Contains the personal and professional papers of J. Deryl Hart, chair of the Department of Surgery at Duke University from 1930 to 1960, and president of Duke University from 1960 to 1963. Major subjects include Chowan College, Duke University Medical Center, the Duke Private Diagnostic Clinic, surgical wound infection, medical hospitals, history of teaching medical schools, and history of surgery in North Carolina. Types of materials include personal and professional correspondence, memorabilia, certificates, diplomas, scrapbooks, photographs, speeches, lectures, addresses, clippings, sketches, reprints, ledgers, lantern slides, subject files, and committee materials. Materials range in date from 1916 to 1987.
Julian Deryl Hart was born in Buena Vista, Ga. in 1894 and was raised on a plantation of several hundred acres in Taylor County, Ga. He matriculated at Emory University, where he distinguished himself in mathematics and speech, compiling the best record in math over four years of any student. During his senior year, he decided to become a doctor. He remained at Emory beyond his 1916 graduation (A.B) to receive a master's degree in mathematics (1917). Hart chose to attend the The Johns Hopkins University School of Medicine. He was selected by Dr. William Stewart Halsted to join the surgical training program, where he made his highest grade in medicine. After earning his degree in 1921 (M.D.), he served at Johns Hopkins Hospital as intern (1921-1922), assistant in pathology (1922-1923), instructor in surgery (1923-1929), assistant resident in surgery and surgical pathology (1923-1927), resident surgeon (1927-1929), and associate surgeon (1929-1930). While a resident, he authored Surgery of the Hand, a text in the Practice of Surgery series (edited by Dean Lewis). In 1928, Wilburt C. Davison, dean of the Duke University School of Medicine, approached Hart to become professor of surgery and first chair of the Department of Surgery in the Duke University School of Medicine and Hospital. In 1928, Hart joined Duke, a school in the process of building a national reputation. Dr. Hart placed emphasis on achieving excellence in patient care and teaching by integrating research with development. Through this philosophy, he laid the foundation for a model system of integrating the fundamental missions of academic medical centers: patient care, education, research and administration. During his tenure as chair, Dr. Hart expected faculty members to assume major clinical and teaching responsibilities and to pursue laboratory research. He recruited the founding members of the surgical faculty and established Duke's surgery residency. Soon after assembling a core group of practitioners, Hart saw a way to provide patient services more efficiently. In 1932, with Frederic M. Hanes and the cooperation of other members of the clinical faculty, Hart implemented a private diagnostic clinic plan. Under the plan, physicians would share clinics with examining rooms, a patient waiting room, and a central office. An office staff managed clerical work and lab technicians conducted tests, hence freeing doctors to see more patients. Duke's Private Diagnostic Clinic not only provided coordinated medical and surgical care to private patients with moderate incomes, but it allowed members of the medical faculty to contribute a portion of their earnings toward the continued excellence of medicine at Duke. The private diagnostic clinic model was subsequently employed at other healthcare institutions around the country. Hart's innovation was evident both in administration and research. In the 1920s, Hart worked on several patents for equipment to improve patient care. His inventions included a pneumatic bed, a surgical basin and support (for clean rooms), an operating room supply table, and variable pressure beds (or air mattresses) to ease bed sores. At Duke, Hart led plans to create a surgical instrument shop which would meet Duke's needs for specialized medical tools and instruments. Dr. Hart was also credited with originating the use of ultraviolet radiation to control airborne infections in surgical operating rooms (1936), a technique that became widely accepted across the country. This procedure dramatically reduced the number of infections and related deaths and won national acclaim in the late 1930s and early 1940s. Also in 1949, Hart and Dr. James Moody claimed national attention for their work on changing the male-female ratio in litters of rats. Relating their results to human experience, they suggested that it made a difference, in terms of sex determination, how early in the period of fertility an egg was fertilized. For many years after this work was published, Dr. Hart served, often informally, as a counselor to childless couples or couples desiring a child of a certain sex. In 1960, Hart became president of Duke University, the fourth man to be elevated from within the institution. Hart organized the provost group to share in governance of the university; guided the adoption of new bylaws that replaced the University Council with our present faculty legislature, the Academic Council; expanded the role of the University Planning Committee; and significantly redefined the responsibilities of the offices of Institutional Advancement, Development, Business, Legal Counsel, Registrar, Undergraduate Admissions and Architect. During his three-year tenure, the number of distinguished professorships doubled and faculty salaries increased. Hart's administration was also responsible for amending the admissions policy to affirm equality of opportunity regardless of race, creed or national origin. Outside of Duke University, Hart held offices with the American College of Surgeons, Southern Surgical Association, Southern Society of Clinical Surgeons, and the Durham-Orange County Medical Society. He was also director of the Durham Bank and Trust Company, member of the Corporation of Research Triangle Institute and the Research Triangle Foundation of North Carolina, American Association of Thoracic Surgery, Society of University Surgeons, American Medical Association, International Surgical Association, Nu Sigma Nu, Phi Beta Kappa, Alpha Omega Alpha, Sigma Xi, Durham Rotary Club (N.C.), and fellow of the American College of Surgeons. Other honors include an honorary doctorate from the University of North Carolina at Chapel Hill (1929). Dr. Hart married Mary Johnson Hart in July 1932 in Raleigh, in a ceremony recognized as 'the social event of the year.' The Harts had their home built at the corner of Duke University Road and N.C. 751. Over the years, dozens of Duke medical and divinity students lived in the Harts' house, staying in a backyard building that had been converted from an old chicken coop. After Dr. Hart died in 1980, Mrs. Hart served as honorary chairwoman of the Duke University Founder's Society, which was formed to recognize individuals, foundations, and corporations that made endowment gifts to the University. Mrs. Hart died in 2000.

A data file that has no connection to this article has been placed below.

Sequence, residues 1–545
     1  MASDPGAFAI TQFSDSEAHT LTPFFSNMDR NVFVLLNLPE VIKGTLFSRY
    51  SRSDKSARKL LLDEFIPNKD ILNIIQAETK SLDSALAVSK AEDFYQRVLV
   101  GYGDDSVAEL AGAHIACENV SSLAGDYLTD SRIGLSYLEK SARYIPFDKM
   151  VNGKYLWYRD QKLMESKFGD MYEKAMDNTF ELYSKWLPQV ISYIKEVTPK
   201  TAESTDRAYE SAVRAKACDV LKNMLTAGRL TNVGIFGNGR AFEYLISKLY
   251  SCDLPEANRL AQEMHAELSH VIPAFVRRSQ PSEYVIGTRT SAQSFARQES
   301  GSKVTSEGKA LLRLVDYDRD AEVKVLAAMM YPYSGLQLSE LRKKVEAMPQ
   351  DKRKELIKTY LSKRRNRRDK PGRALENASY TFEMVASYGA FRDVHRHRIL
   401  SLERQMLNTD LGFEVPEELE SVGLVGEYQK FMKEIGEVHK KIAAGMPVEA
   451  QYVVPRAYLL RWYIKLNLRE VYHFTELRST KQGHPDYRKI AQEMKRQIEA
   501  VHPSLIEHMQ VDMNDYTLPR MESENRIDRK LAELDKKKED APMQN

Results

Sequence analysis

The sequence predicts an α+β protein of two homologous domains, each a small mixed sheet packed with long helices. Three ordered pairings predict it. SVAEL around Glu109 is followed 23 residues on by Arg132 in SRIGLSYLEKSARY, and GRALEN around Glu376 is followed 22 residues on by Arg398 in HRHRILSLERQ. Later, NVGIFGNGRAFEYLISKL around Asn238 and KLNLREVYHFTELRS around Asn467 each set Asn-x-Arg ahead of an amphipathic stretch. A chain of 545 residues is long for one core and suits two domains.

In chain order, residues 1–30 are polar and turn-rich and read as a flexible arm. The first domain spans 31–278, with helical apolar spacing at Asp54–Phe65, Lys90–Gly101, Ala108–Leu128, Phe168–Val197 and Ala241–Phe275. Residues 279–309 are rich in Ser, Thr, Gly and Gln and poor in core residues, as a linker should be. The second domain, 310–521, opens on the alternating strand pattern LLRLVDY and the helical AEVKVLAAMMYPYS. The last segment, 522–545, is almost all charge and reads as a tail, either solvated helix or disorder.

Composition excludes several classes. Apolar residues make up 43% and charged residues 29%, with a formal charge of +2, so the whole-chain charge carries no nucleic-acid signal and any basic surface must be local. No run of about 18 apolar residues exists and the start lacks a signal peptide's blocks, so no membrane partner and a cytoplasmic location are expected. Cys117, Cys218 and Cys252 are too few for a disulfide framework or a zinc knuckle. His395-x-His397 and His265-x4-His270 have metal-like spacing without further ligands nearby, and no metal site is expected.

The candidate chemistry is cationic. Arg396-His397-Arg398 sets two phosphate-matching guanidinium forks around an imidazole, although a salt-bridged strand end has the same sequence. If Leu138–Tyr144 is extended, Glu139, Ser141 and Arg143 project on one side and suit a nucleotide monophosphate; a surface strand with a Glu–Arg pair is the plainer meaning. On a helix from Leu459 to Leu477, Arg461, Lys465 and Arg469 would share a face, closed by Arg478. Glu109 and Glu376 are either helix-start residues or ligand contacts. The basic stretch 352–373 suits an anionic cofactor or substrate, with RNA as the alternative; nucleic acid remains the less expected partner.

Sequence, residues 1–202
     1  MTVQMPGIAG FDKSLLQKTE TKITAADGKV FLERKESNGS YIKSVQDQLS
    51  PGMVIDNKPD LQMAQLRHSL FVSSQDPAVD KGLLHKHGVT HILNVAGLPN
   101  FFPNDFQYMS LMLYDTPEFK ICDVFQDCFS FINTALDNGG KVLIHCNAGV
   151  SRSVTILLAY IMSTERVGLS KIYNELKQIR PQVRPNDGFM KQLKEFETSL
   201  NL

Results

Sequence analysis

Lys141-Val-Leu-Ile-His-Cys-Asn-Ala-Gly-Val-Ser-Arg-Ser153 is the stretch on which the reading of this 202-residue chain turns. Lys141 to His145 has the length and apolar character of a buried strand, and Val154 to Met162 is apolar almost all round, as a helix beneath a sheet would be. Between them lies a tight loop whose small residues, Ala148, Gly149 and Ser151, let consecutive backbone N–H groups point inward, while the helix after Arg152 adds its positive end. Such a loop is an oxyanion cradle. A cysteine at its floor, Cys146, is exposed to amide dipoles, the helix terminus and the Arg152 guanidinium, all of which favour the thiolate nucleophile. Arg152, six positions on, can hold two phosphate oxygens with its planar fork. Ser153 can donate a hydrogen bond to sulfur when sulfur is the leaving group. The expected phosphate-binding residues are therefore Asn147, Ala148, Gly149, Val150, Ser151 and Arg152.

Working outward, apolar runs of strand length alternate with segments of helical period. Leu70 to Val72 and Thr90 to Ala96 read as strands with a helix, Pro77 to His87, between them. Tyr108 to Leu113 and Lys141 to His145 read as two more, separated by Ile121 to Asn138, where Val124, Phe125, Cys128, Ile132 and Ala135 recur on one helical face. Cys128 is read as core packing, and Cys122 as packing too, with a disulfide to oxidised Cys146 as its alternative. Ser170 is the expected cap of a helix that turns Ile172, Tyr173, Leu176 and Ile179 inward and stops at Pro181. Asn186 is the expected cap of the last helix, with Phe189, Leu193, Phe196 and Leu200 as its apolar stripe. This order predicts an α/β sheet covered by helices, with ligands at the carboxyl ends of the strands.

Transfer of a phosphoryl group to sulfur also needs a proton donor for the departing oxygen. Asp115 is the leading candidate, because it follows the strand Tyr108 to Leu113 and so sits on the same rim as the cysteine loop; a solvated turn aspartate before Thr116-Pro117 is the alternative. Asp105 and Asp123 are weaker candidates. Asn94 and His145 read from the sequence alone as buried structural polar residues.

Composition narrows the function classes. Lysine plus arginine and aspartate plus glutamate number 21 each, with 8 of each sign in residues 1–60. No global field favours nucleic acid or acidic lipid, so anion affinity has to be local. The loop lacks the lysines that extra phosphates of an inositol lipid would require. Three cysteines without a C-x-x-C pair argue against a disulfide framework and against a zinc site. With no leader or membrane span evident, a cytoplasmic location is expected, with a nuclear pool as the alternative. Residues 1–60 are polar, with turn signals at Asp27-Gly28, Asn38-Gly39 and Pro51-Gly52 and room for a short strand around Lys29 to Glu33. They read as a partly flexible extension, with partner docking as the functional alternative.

Correspondence, 1916-1975; Department of Surgery and the Private Diagnostic Clinic, 1930-1970; Building Program and Development Funding, 1931-1963, 1974; Subject Files, 1956-1975; Addresses, Speeches and Lectures, 1952-1977; Professional Organizations, 1953-1975; Clinical Research, 1930-1975; Chowan College Board of Advisors, 1964-1975; Redevelopment Commission of Durham, 1960-1973; Hart Residences, 1933-1983; Personal Materials, 1917-1987; Teaching Slides, 1940-1960; Oversize Materials, undated; Blueprints and Plans, undated.